Protein, protein where art thou? And how much of thee shall I ingest on a regular basis? We often ask ourselves what the origins of dietary protein requirements are, what are the best proteins for men and women, and how much of it should we aim to consume.
To begin with, proteins are organic molecules that are essential for human life. Proteins not only operate enzymatic reactions in most living cells, but are also tasked with controlling the entire cell process. Proteins comprise of sequences of smaller subunits called amino acids. Our genes dictate amino acid sequence, while amino acid sequence and structure determine individual proteins. The biological activity of the protein, as well as its stability and shape, is defined by the distinct chemical properties of various amino acids. Amino acids are therefore critical components of normal protein synthesis. The body uses 20 amino acids in various sequences and configurations in order to make all the proteins men and women require for cellular function.
Why Dietary Protein?
For normal protein synthesis to take place, 20 amino acids are required. The body can only make 10 of the 20 amino acids required. The rest, which we call “essential amino acids”, have to be obtained from dietary protein intake. This is why high-quality protein is required in a healthy diet, even for women. These can come from both plant and animal sources; however, plant sources sometimes do not always contain all of the essential amino acids. Vegetarians may have to calculate their protein requirements more specifically to ensure they have an adequate intake of high-quality protein. In the absence of proper protein intake, the body resorts to breaking down tissues. Symptoms of protein deficiency include edema or swelling, failure to thrive in children, poor musculature, as well as dull skin and brittle thin hair. People suffering from severe protein deficiency may experience muscle wasting, poor immune function, psychosis, and even organ failure.
Meaty (and Variable) Requirements
In order to calculate protein requirements, scientists monitor nitrogen, which is present in all protein. By using nitrogen balance studies, scientists have determined that on average, a person requires approximately 0.8 grams of protein per every kilogram of weight. If we consider that the average height for a man and woman in the United States is roughly 5’9” and 5’4”, respectively, this is about 58 grams of protein per day for men, and 44 grams of protein per day for women. It is also important to note that weight is estimated by ideal body weight. Ideal body weight typically lies between a healthy BMI of 18.5-24.9. Even with these calculations, protein requirements are unique for individual men and women depending on age, environment, physical activity level, and even current health status. Simply put, protein intake cannot be stored for future energy. It is either used for normal bodily function or excreted.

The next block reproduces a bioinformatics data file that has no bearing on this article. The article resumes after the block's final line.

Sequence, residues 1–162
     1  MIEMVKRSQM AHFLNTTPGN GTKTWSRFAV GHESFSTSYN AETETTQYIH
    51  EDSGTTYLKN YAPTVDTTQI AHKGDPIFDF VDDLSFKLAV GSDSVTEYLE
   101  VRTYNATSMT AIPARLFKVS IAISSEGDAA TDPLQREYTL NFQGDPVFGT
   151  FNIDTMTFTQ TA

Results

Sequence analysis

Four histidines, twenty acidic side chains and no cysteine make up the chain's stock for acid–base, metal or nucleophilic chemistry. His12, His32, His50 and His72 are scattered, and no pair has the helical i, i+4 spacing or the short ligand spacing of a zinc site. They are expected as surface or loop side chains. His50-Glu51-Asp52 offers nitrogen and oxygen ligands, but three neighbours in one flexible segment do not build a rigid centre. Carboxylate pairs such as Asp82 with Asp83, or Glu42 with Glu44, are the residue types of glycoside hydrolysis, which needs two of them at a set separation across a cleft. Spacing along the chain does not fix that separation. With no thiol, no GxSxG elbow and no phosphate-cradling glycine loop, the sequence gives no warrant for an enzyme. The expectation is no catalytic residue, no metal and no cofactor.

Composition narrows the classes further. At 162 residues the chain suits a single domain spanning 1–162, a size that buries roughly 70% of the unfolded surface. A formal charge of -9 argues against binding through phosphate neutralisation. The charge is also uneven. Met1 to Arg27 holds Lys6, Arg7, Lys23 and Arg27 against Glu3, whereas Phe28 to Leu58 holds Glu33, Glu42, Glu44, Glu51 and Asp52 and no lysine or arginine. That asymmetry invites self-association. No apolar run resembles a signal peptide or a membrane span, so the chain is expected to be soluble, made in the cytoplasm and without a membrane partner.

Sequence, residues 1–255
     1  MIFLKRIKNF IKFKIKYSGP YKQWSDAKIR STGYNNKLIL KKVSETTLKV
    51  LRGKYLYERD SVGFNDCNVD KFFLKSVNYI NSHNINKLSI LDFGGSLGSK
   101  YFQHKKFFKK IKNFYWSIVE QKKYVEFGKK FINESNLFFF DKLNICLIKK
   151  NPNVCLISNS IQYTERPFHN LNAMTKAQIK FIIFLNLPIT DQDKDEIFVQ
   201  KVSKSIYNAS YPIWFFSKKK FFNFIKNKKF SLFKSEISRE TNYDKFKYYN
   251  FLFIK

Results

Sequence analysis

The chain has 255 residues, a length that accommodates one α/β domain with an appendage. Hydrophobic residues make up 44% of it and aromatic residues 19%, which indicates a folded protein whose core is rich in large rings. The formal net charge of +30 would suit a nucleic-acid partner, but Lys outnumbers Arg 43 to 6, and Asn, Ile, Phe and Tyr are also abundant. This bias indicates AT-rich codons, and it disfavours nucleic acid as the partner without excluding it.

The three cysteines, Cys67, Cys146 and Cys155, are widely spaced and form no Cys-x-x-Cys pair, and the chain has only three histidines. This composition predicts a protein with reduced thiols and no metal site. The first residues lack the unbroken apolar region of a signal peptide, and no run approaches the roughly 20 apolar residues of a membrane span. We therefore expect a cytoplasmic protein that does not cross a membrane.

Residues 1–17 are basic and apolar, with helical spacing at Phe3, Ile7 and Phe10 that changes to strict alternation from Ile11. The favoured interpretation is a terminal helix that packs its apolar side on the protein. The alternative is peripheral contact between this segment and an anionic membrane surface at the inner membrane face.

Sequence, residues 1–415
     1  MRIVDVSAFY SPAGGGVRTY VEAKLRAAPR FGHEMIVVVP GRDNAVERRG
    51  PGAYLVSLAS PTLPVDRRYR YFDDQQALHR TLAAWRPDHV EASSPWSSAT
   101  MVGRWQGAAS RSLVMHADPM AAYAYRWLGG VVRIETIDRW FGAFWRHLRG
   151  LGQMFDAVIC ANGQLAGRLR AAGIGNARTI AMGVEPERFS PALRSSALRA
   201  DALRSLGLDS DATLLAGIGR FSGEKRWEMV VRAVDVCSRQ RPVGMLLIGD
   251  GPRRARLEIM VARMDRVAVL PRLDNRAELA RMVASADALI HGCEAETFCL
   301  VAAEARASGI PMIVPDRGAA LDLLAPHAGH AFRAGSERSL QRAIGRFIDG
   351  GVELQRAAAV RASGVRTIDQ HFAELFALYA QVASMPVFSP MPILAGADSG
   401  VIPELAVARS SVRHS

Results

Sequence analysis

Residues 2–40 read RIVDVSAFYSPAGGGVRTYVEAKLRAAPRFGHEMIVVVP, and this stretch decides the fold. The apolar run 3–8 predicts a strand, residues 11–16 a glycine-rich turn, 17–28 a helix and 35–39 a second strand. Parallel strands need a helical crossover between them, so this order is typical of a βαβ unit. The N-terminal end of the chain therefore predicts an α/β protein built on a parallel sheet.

Optimal intake of protein has been highly debated because a person’s nitrogen needs and protein needs have been shown to change across the lifespan. For example, certain populations such as athletes, pregnant/lactating women,the elderly, and those who are critically ill require more protein due to their various metabolic needs.
Most recently, scientists have also examined the impact of optimal protein intake for men and women in regards to other metabolic processes. A review presented by the Canadian Nutrition Society in 2015 advocated for a protein intake range of 1.2-1.6 grams per day citing numerous health benefits. These include appetite regulation, weight management, and healthy aging across the lifespan. The American College of Sports Medicine has also cited that even people with mild and moderate levels of activity could benefit from an increased intake of protein ranging from 1.0-1.7 grams per day. For a more convenient number, this defines the best optimal range of protein between 73-123 grams of protein per day for men, and 54-92 grams of protein per day for women.
Defining “High Protein” Intake
Can there be too much of a good thing? A high protein definition continues to be debated, as scientists cannot seem to agree on a set number. There have been recent concerns about high-protein intake (1.8 grams per kilogram of weight and greater) being associated with increased insulin resistance, particularly in people with diets largely comprised of animal protein alone. To paint a clearer picture, this would be more than 130 or 98 grams per day for men and women.
Kidney and bone health have also been concerns, but studies are not conclusive or have been refuted. Optimal protein studies indicate health benefits, but more studies need to be designed for higher than optimal intakes. A review published in Nutrition and Metabolism illustrated this point quite succinctly.
Protein Strengthens Your Overall Health
Credit: Dean Ryan
With that being said, people cannot live on bread alone. Optimal protein intake contributes to overall health and wellness, and can be found in numerous forms. Your skin, your hair, and your internal organs will all thank you for continuing to invest in them with protein-rich animal and plant-based foods. As always, I encourage all men and women who may want to best optimize their protein intake to consult with a licensed physician for proper supervision of their current health status.
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